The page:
KNOXVILLE, Tenn. (WVLT) -- When traffic accidents trap victims in wrecks, every second counts. The speed at which rescuers can free people from crushed cars can mean the difference between life and death, which is why emergency responders need practice with vehicle extrication – or Jaws of Life – equipment.
Rick Herrell, Assistant Chief of the Rural Metro Fire Department says,
"If we can't provide the very best service when these accidents do occur, then we're doing a service to the citizens of Knox County. We're honing our skills so the outcome can be as positive as possible."
Over the next seven days, nearly 40 men and women will work with donated cars at Pull-A-Part on Rutledge Pike.
"What we're being able to use here at Pull-Apart is the fantastic resources of vehicles. That is the most difficult part of training, is trying to find the vehicles," Herrell says.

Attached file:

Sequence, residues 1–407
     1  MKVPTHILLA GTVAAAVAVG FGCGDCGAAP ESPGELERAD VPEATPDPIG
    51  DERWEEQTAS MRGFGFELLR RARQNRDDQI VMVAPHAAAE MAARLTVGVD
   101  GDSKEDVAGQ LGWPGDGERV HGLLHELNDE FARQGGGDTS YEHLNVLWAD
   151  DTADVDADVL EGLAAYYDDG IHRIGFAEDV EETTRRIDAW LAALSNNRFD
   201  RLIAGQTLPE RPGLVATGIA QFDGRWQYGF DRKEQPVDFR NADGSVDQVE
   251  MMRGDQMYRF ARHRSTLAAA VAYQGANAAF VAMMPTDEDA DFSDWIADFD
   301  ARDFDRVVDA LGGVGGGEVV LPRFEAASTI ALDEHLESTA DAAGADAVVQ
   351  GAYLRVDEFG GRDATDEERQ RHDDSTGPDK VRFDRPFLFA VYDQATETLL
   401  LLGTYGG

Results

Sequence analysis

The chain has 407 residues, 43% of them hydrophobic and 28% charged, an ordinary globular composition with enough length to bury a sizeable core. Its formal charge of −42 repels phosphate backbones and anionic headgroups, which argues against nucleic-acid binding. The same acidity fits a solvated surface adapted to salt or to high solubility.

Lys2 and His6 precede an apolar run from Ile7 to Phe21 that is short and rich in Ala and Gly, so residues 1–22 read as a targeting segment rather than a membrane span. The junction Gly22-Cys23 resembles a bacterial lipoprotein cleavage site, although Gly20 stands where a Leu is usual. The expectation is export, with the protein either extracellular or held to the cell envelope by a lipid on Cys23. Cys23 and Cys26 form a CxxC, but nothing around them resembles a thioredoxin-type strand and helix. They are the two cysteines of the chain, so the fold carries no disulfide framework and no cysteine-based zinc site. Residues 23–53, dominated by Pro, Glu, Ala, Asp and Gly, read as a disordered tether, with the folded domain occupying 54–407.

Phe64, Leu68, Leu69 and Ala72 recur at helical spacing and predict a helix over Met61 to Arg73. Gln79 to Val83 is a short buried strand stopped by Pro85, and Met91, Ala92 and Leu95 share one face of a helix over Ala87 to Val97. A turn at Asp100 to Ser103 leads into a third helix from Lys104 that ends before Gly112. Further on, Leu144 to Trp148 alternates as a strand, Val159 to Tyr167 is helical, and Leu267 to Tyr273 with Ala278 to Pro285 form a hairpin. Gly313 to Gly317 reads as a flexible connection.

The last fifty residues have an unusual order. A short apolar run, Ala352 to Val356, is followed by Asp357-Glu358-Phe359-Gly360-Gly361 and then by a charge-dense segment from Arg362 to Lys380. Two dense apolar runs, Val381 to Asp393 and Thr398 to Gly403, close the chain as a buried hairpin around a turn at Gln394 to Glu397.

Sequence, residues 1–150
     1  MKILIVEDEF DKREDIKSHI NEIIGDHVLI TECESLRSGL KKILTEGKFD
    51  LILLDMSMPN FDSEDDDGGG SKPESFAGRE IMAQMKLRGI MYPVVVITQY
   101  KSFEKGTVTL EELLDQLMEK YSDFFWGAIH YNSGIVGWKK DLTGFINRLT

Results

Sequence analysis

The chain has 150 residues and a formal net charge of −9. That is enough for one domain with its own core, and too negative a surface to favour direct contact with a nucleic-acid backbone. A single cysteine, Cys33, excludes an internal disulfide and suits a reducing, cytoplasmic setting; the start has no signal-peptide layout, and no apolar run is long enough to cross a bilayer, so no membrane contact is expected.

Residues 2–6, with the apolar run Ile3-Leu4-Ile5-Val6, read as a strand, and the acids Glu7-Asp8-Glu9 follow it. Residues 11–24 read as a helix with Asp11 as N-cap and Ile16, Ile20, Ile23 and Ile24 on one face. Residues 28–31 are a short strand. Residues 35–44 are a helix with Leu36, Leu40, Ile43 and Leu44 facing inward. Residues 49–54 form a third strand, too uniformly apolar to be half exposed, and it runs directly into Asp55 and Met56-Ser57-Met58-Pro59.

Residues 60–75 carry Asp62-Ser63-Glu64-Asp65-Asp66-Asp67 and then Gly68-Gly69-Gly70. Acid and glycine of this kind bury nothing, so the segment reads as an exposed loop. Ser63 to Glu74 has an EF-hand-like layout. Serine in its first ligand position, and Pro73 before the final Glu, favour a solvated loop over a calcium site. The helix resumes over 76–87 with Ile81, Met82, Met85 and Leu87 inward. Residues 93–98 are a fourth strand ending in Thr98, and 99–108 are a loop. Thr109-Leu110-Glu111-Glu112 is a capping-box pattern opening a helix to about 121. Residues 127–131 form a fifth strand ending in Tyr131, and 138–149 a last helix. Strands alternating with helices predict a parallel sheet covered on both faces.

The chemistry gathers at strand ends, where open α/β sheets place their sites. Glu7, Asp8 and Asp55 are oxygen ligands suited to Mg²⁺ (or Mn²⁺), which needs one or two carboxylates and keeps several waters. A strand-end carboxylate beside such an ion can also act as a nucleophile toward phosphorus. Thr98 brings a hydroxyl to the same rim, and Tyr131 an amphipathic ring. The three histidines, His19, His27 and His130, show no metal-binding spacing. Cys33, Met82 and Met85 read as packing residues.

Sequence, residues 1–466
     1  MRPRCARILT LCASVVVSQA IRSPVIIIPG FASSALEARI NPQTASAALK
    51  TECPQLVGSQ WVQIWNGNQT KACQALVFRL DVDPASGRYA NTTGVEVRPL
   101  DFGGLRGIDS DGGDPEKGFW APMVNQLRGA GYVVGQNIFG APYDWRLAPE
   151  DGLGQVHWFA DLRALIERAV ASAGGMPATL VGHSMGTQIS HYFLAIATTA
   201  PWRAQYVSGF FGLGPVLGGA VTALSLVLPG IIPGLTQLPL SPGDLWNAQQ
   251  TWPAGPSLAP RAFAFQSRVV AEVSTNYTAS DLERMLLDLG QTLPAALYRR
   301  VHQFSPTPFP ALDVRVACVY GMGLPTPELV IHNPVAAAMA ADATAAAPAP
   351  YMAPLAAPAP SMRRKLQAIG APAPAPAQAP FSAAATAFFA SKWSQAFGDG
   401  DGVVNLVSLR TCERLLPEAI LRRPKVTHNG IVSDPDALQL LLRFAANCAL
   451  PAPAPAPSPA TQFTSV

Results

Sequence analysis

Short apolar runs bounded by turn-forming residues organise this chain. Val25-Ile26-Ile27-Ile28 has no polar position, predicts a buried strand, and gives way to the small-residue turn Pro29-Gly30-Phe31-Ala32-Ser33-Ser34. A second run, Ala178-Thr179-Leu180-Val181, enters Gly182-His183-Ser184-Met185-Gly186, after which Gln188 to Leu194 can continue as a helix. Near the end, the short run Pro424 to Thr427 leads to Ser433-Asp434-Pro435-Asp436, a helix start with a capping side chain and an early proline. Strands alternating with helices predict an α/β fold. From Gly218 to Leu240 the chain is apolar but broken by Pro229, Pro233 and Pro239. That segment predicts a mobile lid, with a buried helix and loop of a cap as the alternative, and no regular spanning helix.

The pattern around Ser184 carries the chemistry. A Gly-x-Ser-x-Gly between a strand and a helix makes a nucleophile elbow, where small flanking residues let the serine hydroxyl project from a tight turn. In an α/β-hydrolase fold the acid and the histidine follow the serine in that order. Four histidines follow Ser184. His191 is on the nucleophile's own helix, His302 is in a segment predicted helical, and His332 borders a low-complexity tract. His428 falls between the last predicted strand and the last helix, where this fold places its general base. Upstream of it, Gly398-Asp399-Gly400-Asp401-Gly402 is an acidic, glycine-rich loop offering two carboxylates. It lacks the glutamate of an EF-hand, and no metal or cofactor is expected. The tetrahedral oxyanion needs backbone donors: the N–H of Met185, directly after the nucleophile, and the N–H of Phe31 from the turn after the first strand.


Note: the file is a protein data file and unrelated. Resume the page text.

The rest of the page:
The job is tough and tricky, because crews have to cut through layers of metal and glass.
"It's not like the old days where you can just take a spread a door, you have to actually attack the door and be strategic about it," says instructor Lee Raybor. "The new doors and manufacturing standards cause a bar to be in the middle of the door. We can't spread against the bar -- it's structural, it's not going to move."
Trainees will use real equipment on intact vehicles, giving them hands-on experience for real life emergencies they'll tackle in the future.